Ankylosing Spondylitis

(All information is taken from the NASS website and their wonderful guidebook for patients. Follow the links for more information about Ankylosing Spondylitis, and the great work NASS do).

What is Ankylosing Spondylitis?

Ankylosing Spondylitis (AS) is a painful, progressive form of inflammatory arthritis. It mainly affects the spine but can also affect other joints, tendons and ligaments.

Ankylosing means fusing together. Spondylitis means inflammation of the vertebrae. Both words come from the Greek language. Ankylosing Spondylitis describes the condition where some or all of the joints and bones of the spine fuse together.

Entire fusing of the spine is unusual. Many people will only have partial fusion, sometimes limited to the pelvic bones. Other areas such as the eyes, bowel, lungs and heart can also sometimes be involved with AS.

What happens in AS?

Inflammation occurs at the site where certain ligaments or tendons attach to the bone. This area of the body is known as enthesis.

The inflammation is followed by some erosion (wearing away) of the bone at the site of the attachment. This is known as enthesopathy.

As the inflammation subsides, a healing process takes place and new bone develops. Movement becomes restricted where bone replaces the elastic tissue of ligaments or tendons.

Repetition of this inflammatory process leads to further bone formation and the individual bones which make up your backbone (vertebrae) can fuse together.

The pelvis is most commonly affected first. The lower back, chest wall and neck may also become involved at different times.

AS is a very variable condition

Some people with AS have virtually no symptoms whereas others suffer more severely. AS tends to affect men, women and children in slightly different ways.


The most commonly affected areas in men are the pelvis and spine. Other joints which may be involved are the chest wall, hips, shoulders and feet.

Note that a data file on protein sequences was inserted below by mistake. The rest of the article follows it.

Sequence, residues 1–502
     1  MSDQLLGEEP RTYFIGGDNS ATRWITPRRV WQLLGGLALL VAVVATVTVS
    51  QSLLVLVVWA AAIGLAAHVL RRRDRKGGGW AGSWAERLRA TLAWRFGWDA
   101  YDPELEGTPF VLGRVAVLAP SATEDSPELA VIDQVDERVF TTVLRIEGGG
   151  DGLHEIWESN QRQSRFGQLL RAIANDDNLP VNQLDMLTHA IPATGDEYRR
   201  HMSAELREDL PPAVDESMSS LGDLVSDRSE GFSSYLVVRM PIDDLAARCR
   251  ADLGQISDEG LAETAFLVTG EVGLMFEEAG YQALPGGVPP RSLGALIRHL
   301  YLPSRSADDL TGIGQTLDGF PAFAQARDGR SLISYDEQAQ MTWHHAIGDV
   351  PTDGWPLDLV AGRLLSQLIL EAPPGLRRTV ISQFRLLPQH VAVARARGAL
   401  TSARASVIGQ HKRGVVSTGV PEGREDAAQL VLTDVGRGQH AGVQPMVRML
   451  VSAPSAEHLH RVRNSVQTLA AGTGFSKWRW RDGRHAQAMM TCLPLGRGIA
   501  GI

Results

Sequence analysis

In women the involvement of the spine tends to be less severe. The most commonly affected areas are the pelvis, hips, knees, wrists and ankles.


It is unusual for children under the age of 11 to develop symptoms of AS. The joints which are typically affected in children are the knees, ankles, feet, hips and buttocks. They are less likely to suffer from back pain. Click here to read more about AS in children.

Is AS common?

AS affects approximately 2-5 adults per 1,000 in the UK. This means an estimated 200,000 in the UK have AS. It usually begins in early adult life with the average age of diagnosis being 24.

What are the symptoms of AS?

Typical symptoms of AS include:

  • Slow or gradual onset of back pain and stiffness over weeks or months, rather than hours or days
  • Early-morning stiffness and pain, wearing off or reducing during the day with movement
  • Persistence for more than three months (as opposed to coming on in short attacks).
  • Feeling better after exercise and feeling worse after rest.
  • Weight loss, especially in the early stages
  • Fatigue
  • Feeling feverish and experiencing night sweats (especially in theearly stages)

Ankylosing spondylititis and spondylosis

These two conditions do sound very similar but are actually very different.

Whilst ankylosing spondylitis is a form of inflammatory arthritis, spondylosis is a medical term for the general wear and tear that occurs in the joints and bones of the spine as people get older.

Cervical spondylosis specifically refers to wear and tear occuring in the section of spine in the neck (the cervical spine). It causes periods of stiffness and pain in the neck that may spread to the shoulders and the base of the skull. The pain and symptoms vary from one person to another but usually follow a pattern of good days and bad days.

Spondylosis is an age related condition. It is estimated that almost everyone will have some symptoms of cervical spondylosis by the age of 70. This means that people with AS might also start to develop symptoms of spondylosis as they get older.

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